of Vermont, you are directed to set apart from the quota of the several districts in the State of Vermont, under the present call, the following, amounts, viz: From the First District, 266; Second district, 206, Third District, 164; making in all a reduction of 636 which you will not require the State of Vermont to furnish until further instructions. This will leave the amount to be furnished by the State of Vermont under the present call: From the First District, 499; Second District, 389; Third District, 308; total, 1,196.
These reduced quotas you will distribute to the sub-districts in accordance with the formula and instructions furnished you from this office.
You will confer with His Excellency the Governor and the adjutant-general of the State in making the apportionment to subdistricts.
I am, major, very respectfully, your obedient servant,
JAMES B. FRY,
WAR DEPT., PROVOST-MARSHAL-GENERAL'S OFFICE,
February 11, 1865.
GOVERNOR OF PENNSYLVANIA,
Your letter of 2nd instant relative to citizens of Dauphin County raising a new regiment received. In reply, it is thought no useful result would be attained by commencing the regiment at this date, in view to the proximity of the approaching draft. The request, there fore, of the parties in Dauphin County is not granted.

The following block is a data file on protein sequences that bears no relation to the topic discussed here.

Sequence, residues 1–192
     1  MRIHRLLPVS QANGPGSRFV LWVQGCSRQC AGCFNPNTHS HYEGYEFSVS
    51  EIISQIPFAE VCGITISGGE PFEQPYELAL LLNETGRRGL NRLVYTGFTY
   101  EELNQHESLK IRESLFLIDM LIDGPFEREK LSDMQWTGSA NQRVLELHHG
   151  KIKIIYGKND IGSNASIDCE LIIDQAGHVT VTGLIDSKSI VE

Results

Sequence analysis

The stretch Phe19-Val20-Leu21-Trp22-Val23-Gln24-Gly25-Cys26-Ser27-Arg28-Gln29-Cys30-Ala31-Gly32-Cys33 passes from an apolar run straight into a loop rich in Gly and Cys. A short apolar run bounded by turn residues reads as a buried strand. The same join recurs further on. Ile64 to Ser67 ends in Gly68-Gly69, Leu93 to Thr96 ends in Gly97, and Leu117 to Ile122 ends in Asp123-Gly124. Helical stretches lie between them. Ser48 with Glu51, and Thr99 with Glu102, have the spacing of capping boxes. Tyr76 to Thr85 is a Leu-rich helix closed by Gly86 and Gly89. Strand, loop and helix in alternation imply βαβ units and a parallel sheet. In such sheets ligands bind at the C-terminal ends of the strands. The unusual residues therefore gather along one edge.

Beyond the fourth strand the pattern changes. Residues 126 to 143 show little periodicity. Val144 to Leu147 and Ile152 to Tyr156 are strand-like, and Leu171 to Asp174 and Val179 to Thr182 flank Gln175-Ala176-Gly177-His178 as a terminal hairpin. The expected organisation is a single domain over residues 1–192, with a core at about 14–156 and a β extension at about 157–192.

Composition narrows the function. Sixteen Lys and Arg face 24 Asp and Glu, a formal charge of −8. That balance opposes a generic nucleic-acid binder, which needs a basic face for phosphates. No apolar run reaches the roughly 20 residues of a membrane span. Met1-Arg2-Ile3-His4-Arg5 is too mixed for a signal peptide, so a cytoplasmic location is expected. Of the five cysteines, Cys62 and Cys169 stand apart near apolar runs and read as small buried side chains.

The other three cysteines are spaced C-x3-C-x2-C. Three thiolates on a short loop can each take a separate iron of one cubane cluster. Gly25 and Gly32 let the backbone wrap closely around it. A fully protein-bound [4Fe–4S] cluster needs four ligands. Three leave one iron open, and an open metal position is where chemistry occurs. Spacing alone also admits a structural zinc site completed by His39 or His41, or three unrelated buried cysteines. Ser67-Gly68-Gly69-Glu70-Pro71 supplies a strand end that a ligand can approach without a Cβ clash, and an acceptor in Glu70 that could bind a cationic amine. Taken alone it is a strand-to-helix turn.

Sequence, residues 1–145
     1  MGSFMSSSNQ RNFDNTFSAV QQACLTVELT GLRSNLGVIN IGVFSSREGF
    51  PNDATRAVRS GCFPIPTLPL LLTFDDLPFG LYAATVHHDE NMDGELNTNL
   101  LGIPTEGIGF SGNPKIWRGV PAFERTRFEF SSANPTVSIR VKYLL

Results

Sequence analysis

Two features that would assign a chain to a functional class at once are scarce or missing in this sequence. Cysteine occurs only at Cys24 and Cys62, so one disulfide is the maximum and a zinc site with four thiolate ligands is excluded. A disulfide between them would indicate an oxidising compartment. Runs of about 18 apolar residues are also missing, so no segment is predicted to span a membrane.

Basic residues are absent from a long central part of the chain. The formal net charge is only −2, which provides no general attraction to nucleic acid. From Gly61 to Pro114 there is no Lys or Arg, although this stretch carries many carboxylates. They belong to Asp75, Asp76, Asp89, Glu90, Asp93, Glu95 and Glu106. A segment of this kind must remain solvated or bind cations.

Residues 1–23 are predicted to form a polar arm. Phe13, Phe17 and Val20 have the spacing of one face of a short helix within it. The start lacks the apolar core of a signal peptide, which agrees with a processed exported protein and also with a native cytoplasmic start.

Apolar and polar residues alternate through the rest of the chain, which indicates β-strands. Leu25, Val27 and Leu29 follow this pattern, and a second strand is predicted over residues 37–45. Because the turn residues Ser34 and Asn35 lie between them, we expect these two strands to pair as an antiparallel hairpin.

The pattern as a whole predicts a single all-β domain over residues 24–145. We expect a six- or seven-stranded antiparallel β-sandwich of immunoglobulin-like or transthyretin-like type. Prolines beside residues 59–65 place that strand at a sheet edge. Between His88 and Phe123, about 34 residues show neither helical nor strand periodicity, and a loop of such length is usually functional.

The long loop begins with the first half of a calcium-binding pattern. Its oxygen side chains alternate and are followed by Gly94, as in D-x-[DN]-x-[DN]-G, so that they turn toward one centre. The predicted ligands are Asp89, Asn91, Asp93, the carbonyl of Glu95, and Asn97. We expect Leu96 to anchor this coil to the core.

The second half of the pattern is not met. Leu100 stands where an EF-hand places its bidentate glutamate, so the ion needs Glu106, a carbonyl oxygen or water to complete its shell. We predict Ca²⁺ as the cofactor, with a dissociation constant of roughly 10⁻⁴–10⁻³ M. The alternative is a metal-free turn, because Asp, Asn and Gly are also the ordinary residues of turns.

JAS. B. FRY,
STATE OF WEST VIRGINIA, EXECUTIVE DEPARTMENT,
Wheeling, February 11, 1865.
Brigadier General JAMES B. FRY,
Provost-Marshal-General, Washington, D. C.:
GENERAL: Every possible effort is being made in this State to fill the quota under the late call of the President for 300,000 men. Counties are paying large local bounties and recruits are beginning to come in rapidly, but without an extension of the time the it will be impossible to furnish the men required by voluntary enlistments The revised quota of the State was announced on the 24th of January. Under the first announcement the quota of the First District was four men, which number was enlisted and mustered in at once, and the people feeling that all the call made no more efforts to recruit until since the last announcement was made, when they were informed that nearly 1,600 instead of 4, men, were required. If the people had known on the 23rd of December, when the first announcement of the quota was made, the number required from each county under the call, I have no doubt most of the counties would have filled their quota before the time for the draft. As it was, no assignment of quotas to counties was made by the provost-marshals of districts from which the larger portion of the men were to be furnished because the first announcement was recalled and the people could have no idea what number would